Adoption of stroke rehabilitation technologies by the user community: qualitative study

Andrew Kerr, Mark Smith, Lynn Reid, Lynne Baillie

Research output: Contribution to journalArticle

1 Citation (Scopus)
12 Downloads (Pure)

Abstract

Background: Using technology in stroke rehabilitation is attractive. Devices such as robots or smartphones can help deliver evidence-based levels of practice intensity and automated feedback without additional labor costs. Currently, however, few technologies have been adopted into everyday rehabilitation. Objective: This project aimed to identify stakeholder (therapists, patients, and caregivers) priorities for stroke rehabilitation technologies and to generate user-centered solutions for enhancing everyday adoption. Methods: We invited stakeholders (n=60), comprising stroke survivors (20/60, 33%), therapists (20/60, 33%), caregivers, and technology developers (including researchers; 20/60, 33%), to attend 2 facilitated workshops. Workshop 1 was preceded by a national survey of stroke survivors and therapists (n=177) to generate an initial list of priorities. The subsequent workshop focused on identifying practical solutions to enhance adoption. Results: A total of 25 priorities were generated from the survey; these were reduced to 10 nonranked priorities through discussion, consensus activities, and voting at Workshop 1: access to technologies, ease of use, awareness of available technologies, technologies focused on function, supports self-management, user training, evidence of effectiveness, value for money, knowledgeable staff, and performance feedback. The second workshop provided recommendations for improving the adoption of technologies in stroke rehabilitation: an annual exhibition of commercially available and developing technologies, an online consumer-rating website of available technologies, and a user network to inspire and test new technologies. Conclusions: The key outcomes from this series of stakeholder workshops provides a starting point for an integrated approach to promoting greater adoption of technologies in stroke rehabilitation. Bringing technology developers and users together to shape future and evaluate current technologies is critical to achieving evidence-based stroke rehabilitation.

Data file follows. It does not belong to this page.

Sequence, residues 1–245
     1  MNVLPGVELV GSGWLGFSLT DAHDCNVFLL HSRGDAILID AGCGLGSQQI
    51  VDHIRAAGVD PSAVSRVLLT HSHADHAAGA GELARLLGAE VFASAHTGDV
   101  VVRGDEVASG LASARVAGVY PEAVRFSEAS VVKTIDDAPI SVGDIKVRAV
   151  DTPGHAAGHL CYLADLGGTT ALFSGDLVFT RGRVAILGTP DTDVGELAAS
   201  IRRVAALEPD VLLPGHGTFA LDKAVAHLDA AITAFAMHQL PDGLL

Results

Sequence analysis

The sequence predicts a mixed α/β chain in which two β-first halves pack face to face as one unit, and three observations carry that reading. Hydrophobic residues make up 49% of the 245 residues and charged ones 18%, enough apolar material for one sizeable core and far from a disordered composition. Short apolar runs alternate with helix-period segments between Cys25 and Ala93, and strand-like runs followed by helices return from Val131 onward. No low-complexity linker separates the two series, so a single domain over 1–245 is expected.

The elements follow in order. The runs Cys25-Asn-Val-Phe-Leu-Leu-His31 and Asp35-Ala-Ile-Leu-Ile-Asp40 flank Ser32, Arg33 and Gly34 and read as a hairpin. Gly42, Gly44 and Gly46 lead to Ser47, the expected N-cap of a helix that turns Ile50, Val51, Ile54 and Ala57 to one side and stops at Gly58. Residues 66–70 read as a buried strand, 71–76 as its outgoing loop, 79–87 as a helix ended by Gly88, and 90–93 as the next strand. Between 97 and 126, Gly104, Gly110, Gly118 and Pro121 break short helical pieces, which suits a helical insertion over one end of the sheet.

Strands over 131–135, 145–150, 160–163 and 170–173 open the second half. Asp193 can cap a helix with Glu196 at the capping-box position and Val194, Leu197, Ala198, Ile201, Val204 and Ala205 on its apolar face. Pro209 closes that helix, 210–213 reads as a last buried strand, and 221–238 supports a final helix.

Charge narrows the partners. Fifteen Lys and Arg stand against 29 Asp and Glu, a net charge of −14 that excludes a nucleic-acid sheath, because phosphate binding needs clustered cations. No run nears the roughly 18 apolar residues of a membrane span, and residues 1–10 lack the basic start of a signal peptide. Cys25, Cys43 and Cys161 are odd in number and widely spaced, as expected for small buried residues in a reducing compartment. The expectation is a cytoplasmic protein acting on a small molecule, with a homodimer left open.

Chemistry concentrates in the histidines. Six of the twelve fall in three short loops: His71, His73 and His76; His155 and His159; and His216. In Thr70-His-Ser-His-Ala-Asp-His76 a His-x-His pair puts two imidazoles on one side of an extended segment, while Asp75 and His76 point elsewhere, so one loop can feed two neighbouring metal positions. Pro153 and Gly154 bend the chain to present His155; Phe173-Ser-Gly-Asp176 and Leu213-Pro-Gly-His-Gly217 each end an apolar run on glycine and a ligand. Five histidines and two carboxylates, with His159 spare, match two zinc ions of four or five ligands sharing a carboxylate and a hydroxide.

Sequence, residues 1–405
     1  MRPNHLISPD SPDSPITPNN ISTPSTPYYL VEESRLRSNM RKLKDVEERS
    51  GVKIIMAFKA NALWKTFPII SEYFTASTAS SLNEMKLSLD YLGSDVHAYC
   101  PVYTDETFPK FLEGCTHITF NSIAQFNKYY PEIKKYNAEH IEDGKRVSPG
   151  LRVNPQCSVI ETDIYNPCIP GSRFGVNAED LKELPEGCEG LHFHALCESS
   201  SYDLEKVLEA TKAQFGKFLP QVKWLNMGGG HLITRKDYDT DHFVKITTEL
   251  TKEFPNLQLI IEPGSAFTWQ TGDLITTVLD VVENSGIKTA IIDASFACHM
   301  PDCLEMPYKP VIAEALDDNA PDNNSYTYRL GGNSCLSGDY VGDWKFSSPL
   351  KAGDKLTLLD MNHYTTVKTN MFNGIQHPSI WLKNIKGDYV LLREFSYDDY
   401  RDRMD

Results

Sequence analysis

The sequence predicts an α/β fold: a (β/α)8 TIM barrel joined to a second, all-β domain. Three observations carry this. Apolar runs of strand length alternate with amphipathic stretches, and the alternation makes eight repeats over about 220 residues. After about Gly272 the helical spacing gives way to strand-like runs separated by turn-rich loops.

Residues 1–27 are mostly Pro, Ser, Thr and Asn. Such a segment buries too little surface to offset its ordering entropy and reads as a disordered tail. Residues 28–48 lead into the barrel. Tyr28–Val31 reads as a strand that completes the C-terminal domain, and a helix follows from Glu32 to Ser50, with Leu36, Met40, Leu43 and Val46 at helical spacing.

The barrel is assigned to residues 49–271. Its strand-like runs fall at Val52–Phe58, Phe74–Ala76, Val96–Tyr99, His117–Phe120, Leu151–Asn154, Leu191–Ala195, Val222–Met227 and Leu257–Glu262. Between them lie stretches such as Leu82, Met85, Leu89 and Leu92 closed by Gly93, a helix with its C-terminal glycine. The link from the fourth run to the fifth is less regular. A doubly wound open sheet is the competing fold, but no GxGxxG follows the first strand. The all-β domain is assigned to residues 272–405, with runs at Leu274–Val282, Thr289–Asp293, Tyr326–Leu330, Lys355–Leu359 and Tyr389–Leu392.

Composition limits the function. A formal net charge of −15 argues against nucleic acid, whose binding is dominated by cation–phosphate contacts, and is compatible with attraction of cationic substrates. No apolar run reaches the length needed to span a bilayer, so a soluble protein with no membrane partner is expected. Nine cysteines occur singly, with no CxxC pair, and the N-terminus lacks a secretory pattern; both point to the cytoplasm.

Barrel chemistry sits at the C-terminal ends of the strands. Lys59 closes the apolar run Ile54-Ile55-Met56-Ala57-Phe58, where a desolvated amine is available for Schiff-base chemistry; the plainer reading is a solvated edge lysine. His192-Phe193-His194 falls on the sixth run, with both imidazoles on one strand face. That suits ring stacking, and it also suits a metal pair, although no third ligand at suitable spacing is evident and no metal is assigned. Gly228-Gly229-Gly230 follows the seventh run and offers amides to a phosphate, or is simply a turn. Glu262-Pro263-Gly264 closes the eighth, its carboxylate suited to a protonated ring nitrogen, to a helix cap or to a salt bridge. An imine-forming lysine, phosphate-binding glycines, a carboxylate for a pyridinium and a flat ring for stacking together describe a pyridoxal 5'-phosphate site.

Original languageEnglish
Article numbere15
Number of pages6
JournalJMIR Rehabilitation and Assistive Technologies
Volume5
Issue number2
DOIs
Publication statusPublished - 17 Aug 2018

Fingerprint

Patient rehabilitation
Feedback
Smartphones
Websites
Personnel
Robots

Keywords

  • stroke
  • rehabilitation
  • technology

Cite this

@article{de3069fc163b4d8a8ba92a21e247d93f,
title = "Adoption of stroke rehabilitation technologies by the user community: qualitative study",